Don’t let Tel$tra provide shoddy NBN service. Telstra may have to refund up to 180,000 FTTN (fibre-to-the-node) customers everything they have ever paid for the service. Why? It may not have been able to deliver the promised speeds and truth in advertising is all.
I have had a gut full of Tel$tra – lies, outright lies, and no one cares – over my 26 months as an FTTN customer. You can read more about this here and if you are one of the FTTN customers I suggest you do! Don’t let Tel$tra provide shoddy NBN service.
Don’t let Tel$tra provide shoddy NBN service
Telstra’s FTTN (and some FTTB – basement) customers that ordered or were given the 50/25 or 100/40Mbps NBN speed – about 180,000 of its 770,000 NBN customers may be entitled to a refund for the entire time they have been on a plan.
In 2017 Telstra was ordered to refund about 42,000 customers that were not receiving advertised speeds. You think it would have learned by now but trying to change Telstra’s culture is like trying a handbrake turn on the Titanic to avoid an iceberg.
No, Telstra went on to deceive another 180,000 customers blithely taking their money (or giving a speed upgrade for free – that usually did not work – as penance), and it never delivered on its previous ACCC undertaking to monitor speeds.
ACCC chairman Rod Sims it all comes down to education.
“Telstra has upgraded people and not checked whether the speeds that people were put to could be delivered.”
Telstra was wrong to take the money – no ifs, no buts – it is their responsibility to provide a service
As there is no speed data history when a customer signs-up, all CSPs (carriage service providers) must monitor new sign-ups to FTTN services after their first month. Based on that data, it must adjust a plan to the speed the line can support.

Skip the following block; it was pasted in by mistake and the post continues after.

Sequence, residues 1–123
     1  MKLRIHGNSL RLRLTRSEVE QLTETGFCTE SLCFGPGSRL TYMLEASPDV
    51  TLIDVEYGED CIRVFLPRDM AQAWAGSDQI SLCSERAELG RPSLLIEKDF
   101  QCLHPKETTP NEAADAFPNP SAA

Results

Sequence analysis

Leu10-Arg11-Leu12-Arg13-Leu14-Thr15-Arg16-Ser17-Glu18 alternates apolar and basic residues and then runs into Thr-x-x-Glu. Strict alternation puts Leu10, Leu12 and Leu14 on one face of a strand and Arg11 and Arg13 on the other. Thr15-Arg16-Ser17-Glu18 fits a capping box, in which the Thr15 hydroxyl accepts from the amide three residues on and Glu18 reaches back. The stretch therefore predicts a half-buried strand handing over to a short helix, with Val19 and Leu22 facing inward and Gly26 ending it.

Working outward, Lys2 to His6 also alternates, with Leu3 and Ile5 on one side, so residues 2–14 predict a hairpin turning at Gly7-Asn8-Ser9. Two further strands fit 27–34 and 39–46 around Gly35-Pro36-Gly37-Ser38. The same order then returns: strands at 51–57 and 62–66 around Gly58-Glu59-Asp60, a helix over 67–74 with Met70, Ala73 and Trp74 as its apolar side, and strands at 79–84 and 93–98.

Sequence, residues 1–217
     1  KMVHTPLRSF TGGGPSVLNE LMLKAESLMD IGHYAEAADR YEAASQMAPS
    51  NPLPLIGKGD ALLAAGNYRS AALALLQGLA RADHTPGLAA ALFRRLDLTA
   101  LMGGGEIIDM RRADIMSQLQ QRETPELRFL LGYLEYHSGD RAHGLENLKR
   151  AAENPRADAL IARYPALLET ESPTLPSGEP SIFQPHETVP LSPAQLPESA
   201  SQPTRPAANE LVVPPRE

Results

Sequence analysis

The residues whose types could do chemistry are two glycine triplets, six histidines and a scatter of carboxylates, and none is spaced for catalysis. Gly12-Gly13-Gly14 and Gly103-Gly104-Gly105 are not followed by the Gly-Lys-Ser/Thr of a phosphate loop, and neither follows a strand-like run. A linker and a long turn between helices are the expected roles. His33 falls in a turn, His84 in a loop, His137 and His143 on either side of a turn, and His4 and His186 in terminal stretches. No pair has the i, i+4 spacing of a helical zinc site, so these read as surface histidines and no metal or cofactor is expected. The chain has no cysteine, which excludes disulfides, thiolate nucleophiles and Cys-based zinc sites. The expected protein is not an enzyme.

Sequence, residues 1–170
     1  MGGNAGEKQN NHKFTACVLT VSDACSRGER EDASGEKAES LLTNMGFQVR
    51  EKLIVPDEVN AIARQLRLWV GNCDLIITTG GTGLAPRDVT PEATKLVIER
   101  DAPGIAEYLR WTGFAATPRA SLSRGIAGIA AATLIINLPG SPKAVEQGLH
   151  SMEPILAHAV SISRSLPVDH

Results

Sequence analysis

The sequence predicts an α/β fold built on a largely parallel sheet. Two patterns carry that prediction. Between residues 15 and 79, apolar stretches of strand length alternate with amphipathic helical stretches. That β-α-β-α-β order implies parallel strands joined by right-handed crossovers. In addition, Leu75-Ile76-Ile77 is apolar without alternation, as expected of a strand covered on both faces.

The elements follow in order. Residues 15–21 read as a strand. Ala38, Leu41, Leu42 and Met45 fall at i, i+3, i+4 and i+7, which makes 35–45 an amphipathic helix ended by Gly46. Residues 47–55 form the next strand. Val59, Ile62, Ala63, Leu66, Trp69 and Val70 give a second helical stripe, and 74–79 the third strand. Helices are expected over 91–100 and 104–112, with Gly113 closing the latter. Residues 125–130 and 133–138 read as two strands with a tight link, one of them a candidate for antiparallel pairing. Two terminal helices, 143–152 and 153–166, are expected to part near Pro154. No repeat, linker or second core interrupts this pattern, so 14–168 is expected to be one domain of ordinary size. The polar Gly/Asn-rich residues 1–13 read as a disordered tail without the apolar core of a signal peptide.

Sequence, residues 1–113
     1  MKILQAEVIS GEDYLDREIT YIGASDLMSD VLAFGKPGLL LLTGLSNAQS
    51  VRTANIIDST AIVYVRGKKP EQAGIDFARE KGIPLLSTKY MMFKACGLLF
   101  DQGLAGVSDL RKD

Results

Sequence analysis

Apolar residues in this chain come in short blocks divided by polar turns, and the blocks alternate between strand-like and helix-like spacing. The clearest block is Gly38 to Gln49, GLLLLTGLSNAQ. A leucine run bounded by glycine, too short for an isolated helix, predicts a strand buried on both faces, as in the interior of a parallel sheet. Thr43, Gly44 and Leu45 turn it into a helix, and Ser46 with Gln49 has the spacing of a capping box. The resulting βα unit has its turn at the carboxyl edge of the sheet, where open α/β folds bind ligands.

Well, Telstra once again has f’ed up, and the ACCC is insisting Telstra offer compensation to those customers – in this case, 100% of what they have paid for Telstra NBN.
The ACCC said
“Telstra’s failure to carry out the speed checks meant that customers were not informed on whether they were getting the maximum speeds promised under the upgraded NBN plans. It also meant they were not offered options to address slow speeds, such as exiting their contract or receiving a refund.
“Telstra has since committed to contacting all affected customers and refunding those who have been paying for the higher speeds but not receiving them. It will also proactively move consumers to a lower speed NBN plan if they are not receiving any benefit from being on a higher speed tier NBN plan.”
Hmmm – haven’t contacted me yet!
How do you know if you are getting the speeds you paid for?
This applies to all CSP’s. The easiest way is to buy a Fing Box (Australian website here and manual here) for $169 plus freight. BTW: If you find your speeds are not what you are paying for then demand your CSP reimburse you for this as well.